This past weekend, after many years of talking about it, we went with friends to the Higgins Armory Museum in Worcester, Massachusetts. It has been open for 83 years in a building designed to house the collection, but financial demands have forced the board to close the museum at the end of 2013. However, the collection will be transferred to the Worcester Art Museum where a library will be converted into new gallery space to house the collection and the library will move to new quarters. So at least the collection will remain in the New England. As a child I had knights and a castle, so this was a delightful afternoon. I knew that armor was used for centuries, but it was the section of mid-sixteenth century armor the struck a cord.
The distance between the 1640s and the 1740s is in certain ways immeasurable (the divine right of kings and the modern political era is one example), but thinking specifically about the years 1646 and 1746 took me aback for a moment. As fate would have it, in 1646 Charles I was still trying, albeit unsuccessfully, to contain the revolutionary forces that would eventually unseat and behead him and in 1746 George II was in pursuit of Charles Stuart better known as Bonnie Prince Charlie, the great grandson of Charles I, in order to maintain his crown and the Hanoverian line. In those one hundred years troops in woolen redcoats replaced regiments in armor, and the battles that consumed nations now consumed fields. I find it somewhat ironic that the redcoat that began with the Parliamentarian forces of the Civil War (1640s) would in time signify the King’s own troops (1740s), but history is full of such details.
As I looked at the armor and the martial paintings that accompanied it, I wondered, in addition to all the other factors that influence how we perceive and dress ourselves, if the defeat of the Stuarts was one of those watershed moments that go unnoticed. Was this the end of the fantasy of the feudal order and all of its accoutrements? The sword, a significant and evolved feudal emblem as any, was still used by some, but not required outside of the Court, a sure measure of its decline. Certainly by the 1750 the attitude in men’s clothing began the slide toward dominant and increasingly conservative uniform--the suit. While the fabric of men’s clothing during the second half of the long eighteenth century might still be more decorative than any modern concoction, the flair began to subside particularly with the growth of the middle-class. Was the defeat of the Stuart pretensions the last nail in the coffin of the medieval and renaissance ostentatious male display? It is hard to say, but the distance between 1646 and 1746 was never so apparent to me as it was on that Saturday afternoon.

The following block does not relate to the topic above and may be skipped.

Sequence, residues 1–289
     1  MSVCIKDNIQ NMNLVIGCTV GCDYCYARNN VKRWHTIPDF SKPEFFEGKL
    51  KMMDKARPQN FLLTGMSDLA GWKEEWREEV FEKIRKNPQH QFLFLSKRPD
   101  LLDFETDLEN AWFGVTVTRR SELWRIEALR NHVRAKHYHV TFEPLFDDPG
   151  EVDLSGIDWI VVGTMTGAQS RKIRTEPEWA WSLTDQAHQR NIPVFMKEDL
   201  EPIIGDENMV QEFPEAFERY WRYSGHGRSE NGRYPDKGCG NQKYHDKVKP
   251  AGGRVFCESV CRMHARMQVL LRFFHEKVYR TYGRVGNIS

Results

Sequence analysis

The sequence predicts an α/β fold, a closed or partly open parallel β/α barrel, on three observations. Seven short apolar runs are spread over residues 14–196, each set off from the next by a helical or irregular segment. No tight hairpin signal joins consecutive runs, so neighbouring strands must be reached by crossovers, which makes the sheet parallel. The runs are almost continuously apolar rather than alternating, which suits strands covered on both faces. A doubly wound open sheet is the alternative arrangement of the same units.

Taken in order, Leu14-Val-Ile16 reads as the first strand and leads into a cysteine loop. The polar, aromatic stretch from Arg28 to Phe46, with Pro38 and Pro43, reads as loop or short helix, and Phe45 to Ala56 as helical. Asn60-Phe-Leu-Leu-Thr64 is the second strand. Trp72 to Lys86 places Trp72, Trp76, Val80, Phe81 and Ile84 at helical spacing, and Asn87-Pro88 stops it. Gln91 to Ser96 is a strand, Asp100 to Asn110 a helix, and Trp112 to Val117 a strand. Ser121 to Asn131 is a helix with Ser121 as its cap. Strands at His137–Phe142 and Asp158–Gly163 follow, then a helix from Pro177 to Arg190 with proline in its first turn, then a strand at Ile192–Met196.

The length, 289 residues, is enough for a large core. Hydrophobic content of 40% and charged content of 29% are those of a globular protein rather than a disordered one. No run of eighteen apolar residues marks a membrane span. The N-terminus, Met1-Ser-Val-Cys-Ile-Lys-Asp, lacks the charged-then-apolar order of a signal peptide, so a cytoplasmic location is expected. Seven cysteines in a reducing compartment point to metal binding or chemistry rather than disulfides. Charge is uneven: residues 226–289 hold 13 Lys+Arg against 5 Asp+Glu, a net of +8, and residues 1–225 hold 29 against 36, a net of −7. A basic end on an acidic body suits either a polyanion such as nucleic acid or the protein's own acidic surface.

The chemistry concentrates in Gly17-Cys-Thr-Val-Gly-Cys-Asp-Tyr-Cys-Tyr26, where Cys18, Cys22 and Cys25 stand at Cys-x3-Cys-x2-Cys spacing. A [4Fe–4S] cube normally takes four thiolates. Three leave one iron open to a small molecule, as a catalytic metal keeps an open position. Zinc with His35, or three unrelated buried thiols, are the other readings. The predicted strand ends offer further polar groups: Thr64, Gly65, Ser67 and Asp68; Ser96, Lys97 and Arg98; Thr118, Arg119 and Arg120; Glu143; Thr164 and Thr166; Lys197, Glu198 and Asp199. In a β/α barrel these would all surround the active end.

From the Museum of London’s Collecton
This uniform was worn by the British Army officer,
Richard St George. He was a Colonel in the 20th Regiment of Foot between 1737
and 1740 and later commanded the 8th Dragoons until 1755. Dragoons were trained
to ride on horseback but to fight on foot as infantrymen. St George may have
served at the Battle of Dettingen during the War of the Austrian Succession.
This all leads to the last thought of this exercise and that is, a question that often is asked of museums, or rather the employees of museums...“What was the point of the exhibit and did it reach its intended audience?” I can’t think that anyone really sat down and created an exhibit to trigger my experience with 17th century armor. That to me is the telling bit; education or the sharing of information is informed as much by the knowledge of the audience as it is by the knowledge of the institution and that the unintended outcome, although seemingly valueless to the perceived outcome, is of importance, at least the mind engaged with it. Would I have made the connection without the exhibit, perhaps, but as I am not surrounded by either the 17th or 18th centuries, I think it would have taken longer, if at all. After all, information without connection is simply a list of facts.
Now a simple repast,
Helmutt the dog in modern
armor created at the Met in 1942 and based on a 16th century example
at the Higgins Armory Museum. Even
your best friend could go out in style. (Author’s photo)
Jeffrey Hopper is an editor, author and museum professional who blogs about men's wear and related topics. You can reach him at this site.